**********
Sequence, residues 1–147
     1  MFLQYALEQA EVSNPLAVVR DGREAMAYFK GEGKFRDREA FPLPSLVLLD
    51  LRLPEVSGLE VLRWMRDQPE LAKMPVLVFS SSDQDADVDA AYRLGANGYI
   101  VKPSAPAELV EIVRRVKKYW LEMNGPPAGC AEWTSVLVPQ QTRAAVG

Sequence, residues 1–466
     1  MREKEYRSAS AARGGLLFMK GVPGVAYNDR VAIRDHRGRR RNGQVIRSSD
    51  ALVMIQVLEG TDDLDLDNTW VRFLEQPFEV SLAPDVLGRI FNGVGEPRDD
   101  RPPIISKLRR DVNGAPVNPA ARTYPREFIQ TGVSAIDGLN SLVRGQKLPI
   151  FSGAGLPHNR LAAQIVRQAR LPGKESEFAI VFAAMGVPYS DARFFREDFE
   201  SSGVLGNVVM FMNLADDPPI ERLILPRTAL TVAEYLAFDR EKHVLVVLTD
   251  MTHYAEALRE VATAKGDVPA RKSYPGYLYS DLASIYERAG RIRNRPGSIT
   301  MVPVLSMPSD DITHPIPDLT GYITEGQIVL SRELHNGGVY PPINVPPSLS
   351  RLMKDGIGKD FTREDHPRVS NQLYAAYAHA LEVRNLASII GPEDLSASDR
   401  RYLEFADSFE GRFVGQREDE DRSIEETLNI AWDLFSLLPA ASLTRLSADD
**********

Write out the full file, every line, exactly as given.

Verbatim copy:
Sequence, residues 1–147
     1  MFLQYALEQA EVSNPLAVVR DGREAMAYFK GEGKFRDREA FPLPSLVLLD
    51  LRLPEVSGLE VLRWMRDQPE LAKMPVLVFS SSDQDADVDA AYRLGANGYI
   101  VKPSAPAELV EIVRRVKKYW LEMNGPPAGC AEWTSVLVPQ QTRAAVG

Sequence, residues 1–466
     1  MREKEYRSAS AARGGLLFMK GVPGVAYNDR VAIRDHRGRR RNGQVIRSSD
    51  ALVMIQVLEG TDDLDLDNTW VRFLEQPFEV SLAPDVLGRI FNGVGEPRDD
   101  RPPIISKLRR DVNGAPVNPA ARTYPREFIQ TGVSAIDGLN SLVRGQKLPI
   151  FSGAGLPHNR LAAQIVRQAR LPGKESEFAI VFAAMGVPYS DARFFREDFE
   201  SSGVLGNVVM FMNLADDPPI ERLILPRTAL TVAEYLAFDR EKHVLVVLTD
   251  MTHYAEALRE VATAKGDVPA RKSYPGYLYS DLASIYERAG RIRNRPGSIT
   301  MVPVLSMPSD DITHPIPDLT GYITEGQIVL SRELHNGGVY PPINVPPSLS
   351  RLMKDGIGKD FTREDHPRVS NQLYAAYAHA LEVRNLASII GPEDLSASDR
   401  RYLEFADSFE GRFVGQREDE DRSIEETLNI AWDLFSLLPA ASLTRLSADD